Our Voice: Too Old Too Soon!

Our Voice: Too Old Too Soon!

Are children trying to be too old too soon? Sarah discusses the cultural influences that may be jeopardising childhood for the younger generation – from mobile phones to music, is society encouraging children and preteens to grow up before they’re ready?

The more I work in schools, the more I am shocked by how ‘grown up’ children are trying to be. I don’t think it’s a new fascination; back in my childhood I regularly indulged in games of Mums and Dads, and once spent months pestering my mum for a pair of platform trainers which wouldn’t have looked out of place on a Spice Girl. (She eventually compromised with a much lower pair that were still platform-y enough to make me feel like I was practically the honorary 6th member of the group.)

Children and pre teen’s now seem to be fully up to date on the latest trends; a far cry from the days where children’s clothes and adult clothes were distinctly different and a girls first trip to Tammy Girl marked a significant moment in her life. Thanks to the likes of the Disney Channel and the induced desire to replicate Hannah Montanna, Selina Gomez or Ashley Whatshername, make up and hair dye are things that many of them are familiar with and even use, whilst fashion magazines seem to be a popular choice with lots of the year 6’s I work with. At that age I was happy enough, and felt very grown up, reading Jacqueline Wilson’s Girls In Love – excited that it stated in the front cover that it was for older readers.

With technology developments always on the up and a further increase in the way we obsess over the concept of celebrity, I can’t help but feel that our children paying the price. It isn’t unusual for me to walk into a year 5 class and hear that the majority of children have Blackberrys or some other android phone. What they need them for is beyond me, and it seems that most of them are being used for quick access to social media sites and to watch and play music videos.

When talking to young people about their favourite artists the most popular seem to be Little Mix, One Direction, JLS and Nicki Minaj. In many ways this is unsurprising, what with the catchy tunes, bright and exciting music videos they seem at first relatively child friendly right? Wrong. I have no doubt that these artists are aware of their audiences and fan bases, and therefore firmly believe that it is their responsibility to ensure that what they produce is appropriate for these people. Whilst some of these ‘artists’ don’t do too badly in keeping their material subtle enough to be considered child friendly, or indeed have produced music which actually boasts a positive message to youngsters, others (Yes, I’m talking to you Miss Minaj) make me actively angry in their seeming ignorance as to how unsuitable their songs are for younger ears. It’s all very well using a catchy tune, garish colours and a cartoon-esque image, but these are things which children will actively engage with – especially when linked to the concept of maturity and glamour.  A child I worked with recently informed me that she knew the whole rap from Superbass, which prompted me into a stunned silence knowing full well the language and phrases used in the song. Of course we can’t blame children for their interest of enthusiasm towards such things, they’re hardly going to analyse a song and then make an informed decision as to whether the lyrics or video are too suggestive or mature for them to be listening to (and of course they shouldn’t have to do this).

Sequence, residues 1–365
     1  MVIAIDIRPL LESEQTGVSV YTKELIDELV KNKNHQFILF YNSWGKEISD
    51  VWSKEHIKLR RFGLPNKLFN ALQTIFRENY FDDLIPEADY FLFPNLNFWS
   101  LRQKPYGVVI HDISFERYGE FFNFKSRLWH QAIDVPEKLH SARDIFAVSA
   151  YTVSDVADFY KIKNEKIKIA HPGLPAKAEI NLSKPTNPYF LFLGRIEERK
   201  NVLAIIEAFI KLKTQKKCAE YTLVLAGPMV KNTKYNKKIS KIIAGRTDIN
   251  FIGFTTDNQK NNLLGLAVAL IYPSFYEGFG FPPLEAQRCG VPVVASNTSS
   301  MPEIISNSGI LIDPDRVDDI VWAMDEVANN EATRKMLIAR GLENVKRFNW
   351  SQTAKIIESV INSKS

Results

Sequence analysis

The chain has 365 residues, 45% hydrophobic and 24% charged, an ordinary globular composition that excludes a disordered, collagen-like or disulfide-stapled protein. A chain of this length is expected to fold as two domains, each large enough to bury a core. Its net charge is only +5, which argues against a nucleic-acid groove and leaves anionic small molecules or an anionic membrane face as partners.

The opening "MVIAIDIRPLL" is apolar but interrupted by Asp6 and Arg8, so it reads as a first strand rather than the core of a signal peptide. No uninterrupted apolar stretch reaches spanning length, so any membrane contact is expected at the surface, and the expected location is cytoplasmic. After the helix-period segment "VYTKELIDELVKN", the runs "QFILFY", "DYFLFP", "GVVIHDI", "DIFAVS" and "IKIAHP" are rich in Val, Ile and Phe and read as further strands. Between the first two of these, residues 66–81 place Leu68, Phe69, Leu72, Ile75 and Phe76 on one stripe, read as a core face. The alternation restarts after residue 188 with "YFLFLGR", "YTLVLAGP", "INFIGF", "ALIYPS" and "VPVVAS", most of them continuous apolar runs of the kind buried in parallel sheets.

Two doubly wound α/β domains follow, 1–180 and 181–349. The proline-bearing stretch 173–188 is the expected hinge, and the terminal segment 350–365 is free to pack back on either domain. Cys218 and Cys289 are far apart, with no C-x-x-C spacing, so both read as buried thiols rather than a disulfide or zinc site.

Essentially, they’re having fun (just look at the youtube ‘sensation’ Sophia Grace Brownlee who received over a million views after her mum uploaded a video of her singing Superbass, complete with dance moves that you’d expect to see from a twenty something as opposed to a 6 year old), but someone needs to take responsibility for ensuring that young people are not exposed to things which are, quite frankly, inappropriate.

When did kids stop being allowed to be kids? Even at the age of 24 I regularly look back at my childhood and wish I’d appreciated it more at the time rather than trying to rush through it to reach the all-important teenage years so that I could finally begin to be a ‘proper adult’.

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Sarah Fullagar

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